These take the form of a Java capable Web browser that interacts
      with an IRC server and  updates "live content" web pages. The
      foll. URL's which illustrate these, were functional at the time of
      writing:
                http://polaris.ibm.com/~gong/irc_room.html
                http://www.blackdown.org/~kbs/irctst/demo.html
                http://virtual.itribe.net/jirc/
                http://www.dimensionx.com/products/cafe/index.html
                http://www.hdmdigital.com/~cknight/dotcom/zirc/
      These gateways take up resources on the machine hosting the web
      server, and are also slower than IRC clients which open a direct
      connection to the IRC server. A variation of the Java gateway is a
      CGI gateway, which is based on CGI scripts instead of Java, but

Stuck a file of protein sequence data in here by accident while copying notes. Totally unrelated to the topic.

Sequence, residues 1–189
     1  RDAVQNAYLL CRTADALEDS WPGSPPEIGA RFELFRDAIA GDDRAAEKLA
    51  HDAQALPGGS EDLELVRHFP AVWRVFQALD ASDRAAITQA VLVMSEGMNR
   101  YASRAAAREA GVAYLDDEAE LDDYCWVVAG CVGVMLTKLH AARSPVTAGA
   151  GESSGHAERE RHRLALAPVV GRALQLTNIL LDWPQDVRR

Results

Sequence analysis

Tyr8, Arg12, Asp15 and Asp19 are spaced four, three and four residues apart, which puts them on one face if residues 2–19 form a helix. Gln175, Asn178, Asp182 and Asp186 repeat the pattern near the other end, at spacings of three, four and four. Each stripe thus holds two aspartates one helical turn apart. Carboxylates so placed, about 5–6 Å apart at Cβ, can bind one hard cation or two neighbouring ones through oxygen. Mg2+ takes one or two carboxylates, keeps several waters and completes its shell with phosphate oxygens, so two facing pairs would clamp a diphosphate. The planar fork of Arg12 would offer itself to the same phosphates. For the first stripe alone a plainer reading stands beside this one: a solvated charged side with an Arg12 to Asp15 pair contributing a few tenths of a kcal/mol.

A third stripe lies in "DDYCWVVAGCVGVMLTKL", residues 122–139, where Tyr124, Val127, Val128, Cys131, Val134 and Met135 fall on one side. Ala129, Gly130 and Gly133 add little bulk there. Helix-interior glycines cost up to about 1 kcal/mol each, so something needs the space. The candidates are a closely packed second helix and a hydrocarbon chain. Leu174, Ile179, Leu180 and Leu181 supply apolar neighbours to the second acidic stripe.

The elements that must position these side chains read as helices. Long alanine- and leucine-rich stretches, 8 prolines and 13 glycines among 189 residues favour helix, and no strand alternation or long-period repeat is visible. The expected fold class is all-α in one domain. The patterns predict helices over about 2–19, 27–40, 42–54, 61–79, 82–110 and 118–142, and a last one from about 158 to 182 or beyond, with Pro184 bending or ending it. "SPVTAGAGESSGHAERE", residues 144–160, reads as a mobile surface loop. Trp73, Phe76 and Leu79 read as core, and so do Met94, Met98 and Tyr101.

quickly fading from existence due to CGI's limited realtime
      functionality.


    IRC client - Web browser communication:
      Recent IRC clients often communicate with the Web browser via
      mechanisms such as API calls or DDE, and pass back a URL to be
      opened via the browser.  Clients that implement this include:
               http://apollo3.com/~acable/virc.html   (Visual IRC)
               http://www.geocities.com/Colosseum/1822/index.html (mIRC)
               http://www.bcpl.lib.md.us/~frappa/pirch.html  (Pirch)
		
    It is anticipated that the irc: URL scheme would allow Web
    browsers to open a local dynamic "live content" page as
    demonstrated by the gateways  (thus eliminating the need to go via a
    gateway).  They  may also choose to open a plugin IRC client. The